• This position will work on planning, recruitment, program design/schedule, and facilitating the Family Camp as well as developing relationships with partner organizations.
  • Camps will be required to increase their share of this salary each year.

3) Scholarship/Camp Subsidies: Up to $150,000 total over/up to five years

  • Up to $24,000 in year one (i.e., up to $8,000 per weekend for three Family Camp Weekends)
  • FJC will work with each camp to navigate pricing.
    • Final scholarship spending will be determined in conjunction with FJC
    • The amount will be directly correlated with the number of families recruited
    • The expectation is that subsidies will be reduced each year, as camps are able to charge more and eventually operate without material outside philanthropic subsidies. We currently expect that camp subsidies/scholarships will be reserved for new families, and will generally not be used to defray costs for returning families.

4) FJC Training

  • Two in-person trainings per year plus online trainings, coaching, and mentoring each year for three years.

5) Program Revenue

  • Part of the application, training, and support process will include the development and refinement of an efficient pricing model for the Family Camps. Family Camp tuition is expected to be an increasing percentage of the Family Camps’ budgets.

Camps will be required to report to FJC each year of the five-year program.

What are the camp requirements to participate in this initiative?
  • The appropriate representative from each camp will be required to attend all FJC trainings – a total of two in person and two to three virtual trainings each year for three years (the same person will not necessarily attend each training).
  • Capacity to expand to more families per weekend (and potentially more weekends per year as the demand for weekends increase).
  • “Pitch-Free Zone” – there will be no direct promotion of your “traditional” overnight summer camp before, during, or immediately after the weekend (though you will be permitted to ask participants to sign up to receive additional information on summer camp programs, and camps are encouraged to keep in touch with families with exciting and appropriate programs and opportunities).
  • Ability to accommodate families with young children (defined as children 0-8 years old). Older siblings are welcome!
  • Commitment to co-develop each Family Camp weekend with a partner organization, including the weekend camp schedule and pre-and-post camp engagement.

Each camp will have the opportunity to set its own pricing, and work towards being self-sustaining (or nearly so) by Year 5.  Pricing will be determined in conjunction with FJC.  Some additional resources may also be available beyond Year 5.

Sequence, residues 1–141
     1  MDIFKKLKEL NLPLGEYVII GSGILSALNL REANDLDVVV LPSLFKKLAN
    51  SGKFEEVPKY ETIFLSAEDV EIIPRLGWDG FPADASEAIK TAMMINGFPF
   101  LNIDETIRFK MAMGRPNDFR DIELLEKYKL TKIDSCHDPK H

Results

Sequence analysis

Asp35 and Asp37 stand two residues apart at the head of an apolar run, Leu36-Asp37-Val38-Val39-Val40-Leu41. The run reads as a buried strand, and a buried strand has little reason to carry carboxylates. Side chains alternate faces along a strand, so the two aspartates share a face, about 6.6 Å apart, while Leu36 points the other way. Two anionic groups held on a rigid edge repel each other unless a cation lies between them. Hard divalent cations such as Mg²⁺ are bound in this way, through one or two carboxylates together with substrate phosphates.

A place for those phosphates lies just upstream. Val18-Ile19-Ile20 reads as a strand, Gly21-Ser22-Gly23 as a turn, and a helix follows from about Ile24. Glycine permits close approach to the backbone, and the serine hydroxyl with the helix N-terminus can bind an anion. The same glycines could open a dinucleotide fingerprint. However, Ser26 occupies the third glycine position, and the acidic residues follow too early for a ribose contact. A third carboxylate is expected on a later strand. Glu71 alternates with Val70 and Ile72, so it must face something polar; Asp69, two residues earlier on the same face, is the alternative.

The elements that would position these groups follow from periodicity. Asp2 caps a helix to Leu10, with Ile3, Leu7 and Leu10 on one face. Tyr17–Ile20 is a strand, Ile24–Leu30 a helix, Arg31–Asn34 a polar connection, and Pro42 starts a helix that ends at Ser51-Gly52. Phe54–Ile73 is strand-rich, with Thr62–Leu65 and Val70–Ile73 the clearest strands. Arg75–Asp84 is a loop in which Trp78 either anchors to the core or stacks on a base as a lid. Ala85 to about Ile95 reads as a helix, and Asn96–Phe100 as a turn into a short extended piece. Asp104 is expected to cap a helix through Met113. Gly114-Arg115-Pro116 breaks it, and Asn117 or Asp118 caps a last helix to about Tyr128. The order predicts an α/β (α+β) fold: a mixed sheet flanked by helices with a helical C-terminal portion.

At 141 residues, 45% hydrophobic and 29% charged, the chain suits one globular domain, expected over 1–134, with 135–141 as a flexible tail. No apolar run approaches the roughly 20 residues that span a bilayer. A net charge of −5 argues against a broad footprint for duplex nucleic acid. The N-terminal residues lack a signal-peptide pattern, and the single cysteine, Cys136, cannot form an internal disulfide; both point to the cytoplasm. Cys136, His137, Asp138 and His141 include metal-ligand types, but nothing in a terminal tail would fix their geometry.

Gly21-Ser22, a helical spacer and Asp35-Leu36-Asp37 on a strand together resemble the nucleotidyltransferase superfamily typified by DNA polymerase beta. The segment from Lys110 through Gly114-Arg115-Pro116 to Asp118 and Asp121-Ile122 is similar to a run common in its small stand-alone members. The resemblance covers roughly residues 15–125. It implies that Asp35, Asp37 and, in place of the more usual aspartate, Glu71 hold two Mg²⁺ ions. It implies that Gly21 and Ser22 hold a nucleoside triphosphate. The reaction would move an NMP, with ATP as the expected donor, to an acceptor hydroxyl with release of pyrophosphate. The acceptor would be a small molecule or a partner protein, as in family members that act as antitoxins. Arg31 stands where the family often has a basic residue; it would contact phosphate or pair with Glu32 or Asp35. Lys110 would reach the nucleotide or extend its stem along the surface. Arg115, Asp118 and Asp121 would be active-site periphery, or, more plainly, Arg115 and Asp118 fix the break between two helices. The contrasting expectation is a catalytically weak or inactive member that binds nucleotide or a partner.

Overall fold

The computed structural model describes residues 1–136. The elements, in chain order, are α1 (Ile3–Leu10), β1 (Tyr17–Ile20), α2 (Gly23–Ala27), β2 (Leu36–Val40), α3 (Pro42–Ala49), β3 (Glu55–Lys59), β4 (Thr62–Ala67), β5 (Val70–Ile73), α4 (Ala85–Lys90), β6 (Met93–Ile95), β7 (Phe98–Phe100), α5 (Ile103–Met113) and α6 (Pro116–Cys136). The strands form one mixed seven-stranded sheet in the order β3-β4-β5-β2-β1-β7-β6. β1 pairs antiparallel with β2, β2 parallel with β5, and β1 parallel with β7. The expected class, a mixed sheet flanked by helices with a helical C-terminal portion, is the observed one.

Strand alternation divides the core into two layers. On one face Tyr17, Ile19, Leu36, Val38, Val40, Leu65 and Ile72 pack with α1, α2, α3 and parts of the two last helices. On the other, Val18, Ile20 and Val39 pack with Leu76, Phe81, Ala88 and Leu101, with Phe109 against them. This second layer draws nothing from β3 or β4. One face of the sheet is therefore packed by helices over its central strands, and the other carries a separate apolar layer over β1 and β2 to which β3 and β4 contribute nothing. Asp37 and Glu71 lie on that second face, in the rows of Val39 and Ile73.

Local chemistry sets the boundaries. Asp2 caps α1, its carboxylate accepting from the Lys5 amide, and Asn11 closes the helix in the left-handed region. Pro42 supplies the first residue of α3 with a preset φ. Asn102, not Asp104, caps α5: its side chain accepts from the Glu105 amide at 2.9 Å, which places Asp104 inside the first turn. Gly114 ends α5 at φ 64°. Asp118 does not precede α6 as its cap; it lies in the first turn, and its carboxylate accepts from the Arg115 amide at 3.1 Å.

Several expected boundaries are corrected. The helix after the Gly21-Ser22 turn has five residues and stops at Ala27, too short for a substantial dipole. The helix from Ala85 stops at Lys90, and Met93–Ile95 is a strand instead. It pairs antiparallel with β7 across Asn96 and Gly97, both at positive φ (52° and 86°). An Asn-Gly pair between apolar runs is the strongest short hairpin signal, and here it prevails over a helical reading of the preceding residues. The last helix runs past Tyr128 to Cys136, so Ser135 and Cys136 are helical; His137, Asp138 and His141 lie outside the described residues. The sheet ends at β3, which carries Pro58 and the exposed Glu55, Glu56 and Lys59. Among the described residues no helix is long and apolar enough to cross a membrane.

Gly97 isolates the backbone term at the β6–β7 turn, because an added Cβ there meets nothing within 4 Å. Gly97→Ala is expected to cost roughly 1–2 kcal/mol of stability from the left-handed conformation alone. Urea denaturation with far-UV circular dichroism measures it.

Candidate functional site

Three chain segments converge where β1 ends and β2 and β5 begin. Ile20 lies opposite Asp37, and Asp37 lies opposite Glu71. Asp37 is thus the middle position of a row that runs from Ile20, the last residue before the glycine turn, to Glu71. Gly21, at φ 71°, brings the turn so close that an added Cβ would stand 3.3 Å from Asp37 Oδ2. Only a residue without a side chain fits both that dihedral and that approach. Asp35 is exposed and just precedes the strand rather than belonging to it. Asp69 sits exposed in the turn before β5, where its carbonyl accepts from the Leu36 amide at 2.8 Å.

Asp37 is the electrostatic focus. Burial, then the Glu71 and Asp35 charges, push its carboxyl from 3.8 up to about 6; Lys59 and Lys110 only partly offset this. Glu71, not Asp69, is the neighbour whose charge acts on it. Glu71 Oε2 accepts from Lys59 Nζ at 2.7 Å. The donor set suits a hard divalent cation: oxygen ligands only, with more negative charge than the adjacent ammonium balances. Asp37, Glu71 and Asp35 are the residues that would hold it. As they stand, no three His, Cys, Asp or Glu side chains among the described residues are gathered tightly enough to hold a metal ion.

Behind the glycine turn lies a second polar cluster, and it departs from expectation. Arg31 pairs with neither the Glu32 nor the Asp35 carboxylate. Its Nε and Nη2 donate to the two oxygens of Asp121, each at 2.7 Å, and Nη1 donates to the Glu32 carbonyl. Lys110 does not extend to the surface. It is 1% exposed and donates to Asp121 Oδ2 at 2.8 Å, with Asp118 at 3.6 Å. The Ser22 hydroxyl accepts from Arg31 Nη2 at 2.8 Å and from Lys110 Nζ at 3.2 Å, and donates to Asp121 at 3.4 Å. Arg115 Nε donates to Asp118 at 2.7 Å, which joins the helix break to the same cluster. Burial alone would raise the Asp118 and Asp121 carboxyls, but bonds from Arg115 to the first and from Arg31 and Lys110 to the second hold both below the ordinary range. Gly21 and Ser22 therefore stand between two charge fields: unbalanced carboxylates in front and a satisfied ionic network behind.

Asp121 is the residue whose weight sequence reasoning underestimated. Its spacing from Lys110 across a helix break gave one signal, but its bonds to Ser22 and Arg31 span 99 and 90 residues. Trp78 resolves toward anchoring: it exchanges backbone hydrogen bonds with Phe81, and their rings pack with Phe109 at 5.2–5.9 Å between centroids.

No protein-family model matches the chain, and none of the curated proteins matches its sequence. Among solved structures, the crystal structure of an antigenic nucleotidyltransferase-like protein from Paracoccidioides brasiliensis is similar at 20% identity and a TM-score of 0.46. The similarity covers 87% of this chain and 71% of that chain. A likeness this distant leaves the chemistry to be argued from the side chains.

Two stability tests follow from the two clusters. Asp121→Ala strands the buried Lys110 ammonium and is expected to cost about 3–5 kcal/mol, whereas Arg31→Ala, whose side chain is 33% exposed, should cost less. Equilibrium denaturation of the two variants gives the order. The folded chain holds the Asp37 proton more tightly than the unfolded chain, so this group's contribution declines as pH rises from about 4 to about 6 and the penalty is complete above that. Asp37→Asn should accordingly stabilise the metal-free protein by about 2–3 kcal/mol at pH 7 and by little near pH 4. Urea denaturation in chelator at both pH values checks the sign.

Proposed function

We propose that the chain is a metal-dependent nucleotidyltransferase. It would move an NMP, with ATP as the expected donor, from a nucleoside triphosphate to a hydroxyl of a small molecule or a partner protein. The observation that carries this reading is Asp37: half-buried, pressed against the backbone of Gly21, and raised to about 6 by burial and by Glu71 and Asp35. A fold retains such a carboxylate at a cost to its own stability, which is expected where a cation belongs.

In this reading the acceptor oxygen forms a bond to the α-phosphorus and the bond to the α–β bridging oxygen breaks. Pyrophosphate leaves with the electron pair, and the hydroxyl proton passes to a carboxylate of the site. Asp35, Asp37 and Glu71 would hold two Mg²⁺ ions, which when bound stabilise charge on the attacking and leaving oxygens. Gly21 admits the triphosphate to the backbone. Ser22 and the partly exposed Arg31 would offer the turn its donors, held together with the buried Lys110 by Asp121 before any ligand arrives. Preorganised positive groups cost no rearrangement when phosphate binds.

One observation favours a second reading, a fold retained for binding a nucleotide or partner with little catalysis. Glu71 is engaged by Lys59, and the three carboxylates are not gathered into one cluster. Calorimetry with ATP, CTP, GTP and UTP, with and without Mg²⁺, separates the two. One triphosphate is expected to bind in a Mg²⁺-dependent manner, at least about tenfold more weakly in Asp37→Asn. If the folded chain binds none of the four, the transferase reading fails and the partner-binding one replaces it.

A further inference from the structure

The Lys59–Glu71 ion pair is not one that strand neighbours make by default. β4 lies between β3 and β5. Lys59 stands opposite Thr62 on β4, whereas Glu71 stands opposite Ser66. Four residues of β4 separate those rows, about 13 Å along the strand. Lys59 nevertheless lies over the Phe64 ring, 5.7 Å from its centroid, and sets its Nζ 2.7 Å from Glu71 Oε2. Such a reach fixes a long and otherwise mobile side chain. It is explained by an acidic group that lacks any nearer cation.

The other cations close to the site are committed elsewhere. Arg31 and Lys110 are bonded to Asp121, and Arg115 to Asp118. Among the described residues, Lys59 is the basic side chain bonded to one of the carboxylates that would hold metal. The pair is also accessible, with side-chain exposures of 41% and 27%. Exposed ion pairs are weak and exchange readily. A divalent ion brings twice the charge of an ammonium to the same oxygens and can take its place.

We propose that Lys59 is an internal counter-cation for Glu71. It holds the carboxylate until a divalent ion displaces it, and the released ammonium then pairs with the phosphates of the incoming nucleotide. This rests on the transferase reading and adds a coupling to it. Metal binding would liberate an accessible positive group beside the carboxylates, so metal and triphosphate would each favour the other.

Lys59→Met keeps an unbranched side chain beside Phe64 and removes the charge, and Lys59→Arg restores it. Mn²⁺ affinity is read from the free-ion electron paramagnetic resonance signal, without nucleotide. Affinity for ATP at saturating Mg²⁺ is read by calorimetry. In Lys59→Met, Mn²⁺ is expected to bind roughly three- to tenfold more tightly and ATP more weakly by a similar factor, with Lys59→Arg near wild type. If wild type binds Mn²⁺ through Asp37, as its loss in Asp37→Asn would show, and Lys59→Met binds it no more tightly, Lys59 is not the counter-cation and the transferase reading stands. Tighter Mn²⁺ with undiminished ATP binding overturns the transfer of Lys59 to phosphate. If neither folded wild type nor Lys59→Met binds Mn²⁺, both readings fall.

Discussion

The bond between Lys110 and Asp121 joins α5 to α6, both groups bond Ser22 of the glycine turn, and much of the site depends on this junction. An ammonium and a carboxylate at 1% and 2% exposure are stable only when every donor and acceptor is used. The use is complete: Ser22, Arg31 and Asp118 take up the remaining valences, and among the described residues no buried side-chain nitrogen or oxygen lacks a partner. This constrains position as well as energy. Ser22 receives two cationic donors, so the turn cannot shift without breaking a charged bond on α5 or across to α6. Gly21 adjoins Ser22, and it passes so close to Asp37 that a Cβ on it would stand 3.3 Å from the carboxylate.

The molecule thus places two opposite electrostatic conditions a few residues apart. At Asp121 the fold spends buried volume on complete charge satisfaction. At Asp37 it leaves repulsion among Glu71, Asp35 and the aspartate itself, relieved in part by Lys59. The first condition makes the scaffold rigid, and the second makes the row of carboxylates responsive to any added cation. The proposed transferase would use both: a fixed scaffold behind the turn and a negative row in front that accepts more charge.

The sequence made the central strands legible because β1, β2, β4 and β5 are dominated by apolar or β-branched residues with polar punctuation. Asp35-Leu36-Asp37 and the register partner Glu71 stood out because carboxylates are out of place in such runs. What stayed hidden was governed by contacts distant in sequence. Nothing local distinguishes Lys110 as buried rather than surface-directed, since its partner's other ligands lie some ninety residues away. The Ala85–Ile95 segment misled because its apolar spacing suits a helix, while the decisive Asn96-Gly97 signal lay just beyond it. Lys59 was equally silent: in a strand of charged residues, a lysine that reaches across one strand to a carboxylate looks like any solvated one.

What are the outcomes and expectations for participating camps?
  • Each camp will offer a minimum of three Family Camps per year. Camps are encouraged to plan additional Family Camps over the course of the initiative.  The current model does not anticipate subsidies beyond the three Family Camps.  However, additional weekends/opportunities will be supported through FJC trainings, coaching, infrastructure support, etc.
  • Each Family Camp will serve a minimum of 20 families in Year 1 with the expectation of capacity growth per weekend over the course of the five years, with the eventual goal to become financially viable (break-even or net positive). Specifically, camps should expect to grow to 30+ families in Year 2, and 40+ families in Year 3.  Camps should strive for 50+ families in Year 4 and 60 families in Year 5 (if capacity permits and if the camp believes it can achieve the desired community-building goals and financial viability at that size).
  • Each family camp weekend will be hosted in partnership with an organization/s that targets an underserved Jewish population.
  • Each Family Camp will have deep Jewish educational content that is appropriate and geared towards the populations/communities being served. Jewish content and programs will be planned with FJC’s support and in conjunction with the partner organization, and will meet standards and criteria outlined by FJC.
  • Each Family Camp must take place over Shabbat or a Jewish holiday, must last a minimum of two nights, and must have a Jewish educator designated as educator-in-residence for planning and executing the Family Camp weekend. Each camp will also have to commit to certain Jewish programmatic elements as part of the initiative.  See below for more details.
  • Camps participating in this program will brand each of the supported Family Camps with a master “JFam” brand and logo, with each camp and partner organization featured alongside it, per the parameters to be set forth by FJC.
  • Camps must participate in a Family Camp evaluation protocol to be developed by FJC in consultation with the pilot camps.
Are there Family Camp “weekend” requirements?

Yes.  Each Family Camp will be expected to include:

  • Shabbat/holiday traditions, including an infusion of Jewish values woven into the weekend, with curricular support from FJC.
  • A Jewish educator must be present at each camp and must reflect a practice of Judaism authentic to both the camp and the applicable partner organization(s).
  • The educator(s) will be expected to facilitate meaningful Jewish learning and experiences with families throughout the weekend. This includes programming for families, for children alone, and for adults alone.
  • A song leader (or comparable role) must be on staff for the Family Camp, tasked with infusing the weekend with song, music, and/or prayer experiences. Please note that the song leader may also serve as the family camp educator, if appropriate. If “song leader” is their only role in the family camp, they may be among the families recruited for the Family Camp.
  • Opportunities for whole family experiential education, child-centered education, and adult-only education.
  • All weekends will include one or more signature “JFam” activities that will be developed by FJC in consultation with participating camps (e.g., a JFam Havdalah ceremony).
What is the process and timeline for the Family Camp pilot?
  • Please thoroughly review ALL of the following dates and details related to participation through the first year of the five-year cohort program. Additional timeline details will be released as applicable.


Questions? Please contact Justin Leath at